...yet there is a jittery sense among Republican savants that Romney is a straw man, ready to be toppled, because the party has changed irrevocably. It has traded in country-club aristocracy for pitchfork populism. The Tea Partyers and talk-show hosts who define the new Republican Party believe in the opposite of primogeniture. They believe in the moral purity of political virginity. After Sarah Palin, amateurism has become a Tea Party hallmark. Herman Cain, the African-American business executive who was the Teasies' flavor of the month — before the debate — emphasizes his total absence of governmental experience, to roars of laughter and approval on the stump. In addition, the very structure of the nominating process has changed. It won't be a stately procession from Iowa to New Hampshire to South Carolina to Florida this time. It will look more like the NCAA basketball tournament, only with two instead of four brackets: the Iowa bracket, which will feature the social-conservative and populist candidates like Minnesota Congresswoman Michele Bachmann and former Pennsylvania Senator Rick Santorum — and perhaps Sarah Palin and Texas Governor Rick Perry; and the New Hampshire bracket, which will feature more-moderate candidates like Romney and former Utah governor Jon Huntsman, focused on the economy.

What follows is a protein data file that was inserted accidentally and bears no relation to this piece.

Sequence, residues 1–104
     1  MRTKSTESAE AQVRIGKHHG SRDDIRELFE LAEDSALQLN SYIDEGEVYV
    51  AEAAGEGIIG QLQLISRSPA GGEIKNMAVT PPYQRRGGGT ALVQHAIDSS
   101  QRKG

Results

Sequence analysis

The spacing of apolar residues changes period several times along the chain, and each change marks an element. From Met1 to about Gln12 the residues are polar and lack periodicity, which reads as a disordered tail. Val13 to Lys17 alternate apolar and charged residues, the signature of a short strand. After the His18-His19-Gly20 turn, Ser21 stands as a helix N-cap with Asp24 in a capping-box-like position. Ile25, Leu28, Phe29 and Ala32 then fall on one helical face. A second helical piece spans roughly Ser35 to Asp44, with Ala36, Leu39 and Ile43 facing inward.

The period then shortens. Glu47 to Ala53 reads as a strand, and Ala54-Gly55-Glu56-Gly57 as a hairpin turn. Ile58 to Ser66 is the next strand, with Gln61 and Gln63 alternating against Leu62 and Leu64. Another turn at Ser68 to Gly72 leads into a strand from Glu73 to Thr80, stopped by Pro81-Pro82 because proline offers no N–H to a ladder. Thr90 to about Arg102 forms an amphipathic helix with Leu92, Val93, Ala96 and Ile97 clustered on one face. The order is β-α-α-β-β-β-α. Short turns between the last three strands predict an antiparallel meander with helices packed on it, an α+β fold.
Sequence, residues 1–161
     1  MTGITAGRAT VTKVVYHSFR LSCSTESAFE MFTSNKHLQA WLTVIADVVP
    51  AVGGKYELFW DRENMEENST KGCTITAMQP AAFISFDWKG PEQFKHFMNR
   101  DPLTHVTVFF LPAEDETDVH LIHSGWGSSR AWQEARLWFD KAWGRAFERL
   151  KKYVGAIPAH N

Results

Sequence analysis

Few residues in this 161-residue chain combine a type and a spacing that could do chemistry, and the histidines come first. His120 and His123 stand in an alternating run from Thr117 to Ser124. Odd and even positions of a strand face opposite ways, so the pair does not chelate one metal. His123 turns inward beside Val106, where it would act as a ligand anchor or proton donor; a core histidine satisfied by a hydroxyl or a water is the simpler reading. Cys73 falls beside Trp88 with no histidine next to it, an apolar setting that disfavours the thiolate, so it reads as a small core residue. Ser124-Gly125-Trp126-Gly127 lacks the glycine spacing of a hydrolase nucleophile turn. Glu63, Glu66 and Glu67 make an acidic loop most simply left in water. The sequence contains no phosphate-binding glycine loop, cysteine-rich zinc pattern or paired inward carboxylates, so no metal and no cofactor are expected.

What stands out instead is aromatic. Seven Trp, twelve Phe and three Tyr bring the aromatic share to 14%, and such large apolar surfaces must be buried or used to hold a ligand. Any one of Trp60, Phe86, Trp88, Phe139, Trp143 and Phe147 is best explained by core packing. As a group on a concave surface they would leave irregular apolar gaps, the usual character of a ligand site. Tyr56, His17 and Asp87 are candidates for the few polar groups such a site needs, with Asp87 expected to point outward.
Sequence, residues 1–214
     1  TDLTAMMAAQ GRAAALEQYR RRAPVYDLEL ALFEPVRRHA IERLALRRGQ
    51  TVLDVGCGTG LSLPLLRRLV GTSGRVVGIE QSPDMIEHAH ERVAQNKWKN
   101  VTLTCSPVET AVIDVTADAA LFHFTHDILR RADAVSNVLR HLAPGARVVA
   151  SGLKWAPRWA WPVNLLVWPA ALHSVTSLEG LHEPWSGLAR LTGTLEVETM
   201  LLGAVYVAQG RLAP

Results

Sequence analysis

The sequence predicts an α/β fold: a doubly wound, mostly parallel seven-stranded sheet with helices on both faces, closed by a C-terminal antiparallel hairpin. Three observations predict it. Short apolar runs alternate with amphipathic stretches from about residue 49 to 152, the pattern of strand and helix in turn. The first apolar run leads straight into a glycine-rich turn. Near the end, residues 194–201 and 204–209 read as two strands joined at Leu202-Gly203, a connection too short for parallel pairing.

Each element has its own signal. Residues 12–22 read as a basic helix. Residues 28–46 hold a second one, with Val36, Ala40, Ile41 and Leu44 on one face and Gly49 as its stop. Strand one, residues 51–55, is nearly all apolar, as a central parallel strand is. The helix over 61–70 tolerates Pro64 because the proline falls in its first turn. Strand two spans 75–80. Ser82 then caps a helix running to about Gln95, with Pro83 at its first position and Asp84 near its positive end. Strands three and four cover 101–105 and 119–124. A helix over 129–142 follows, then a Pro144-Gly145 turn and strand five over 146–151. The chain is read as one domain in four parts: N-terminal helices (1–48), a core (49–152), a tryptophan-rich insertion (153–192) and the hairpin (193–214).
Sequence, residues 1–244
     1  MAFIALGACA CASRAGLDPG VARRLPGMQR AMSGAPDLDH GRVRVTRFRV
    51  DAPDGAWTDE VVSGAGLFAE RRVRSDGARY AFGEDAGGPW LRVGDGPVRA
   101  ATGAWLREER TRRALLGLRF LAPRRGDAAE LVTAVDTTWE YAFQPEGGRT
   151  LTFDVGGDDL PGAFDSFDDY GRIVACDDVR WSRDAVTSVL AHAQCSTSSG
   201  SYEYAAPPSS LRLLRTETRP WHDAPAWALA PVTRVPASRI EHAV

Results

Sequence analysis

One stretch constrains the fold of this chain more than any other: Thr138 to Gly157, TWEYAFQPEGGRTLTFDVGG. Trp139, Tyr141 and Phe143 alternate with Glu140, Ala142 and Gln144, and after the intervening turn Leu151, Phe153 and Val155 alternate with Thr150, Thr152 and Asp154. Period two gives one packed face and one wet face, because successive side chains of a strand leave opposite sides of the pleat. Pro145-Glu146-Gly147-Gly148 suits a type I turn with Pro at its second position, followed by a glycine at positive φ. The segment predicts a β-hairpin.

By the time summer 2012 comes around, we'll have a better sense of what kind of Republican Party we're dealing with—the Reaganesque elitists or the isolationist teabagger crowd—but right now, nobody has any idea who the Republicans really are, or what they stand for.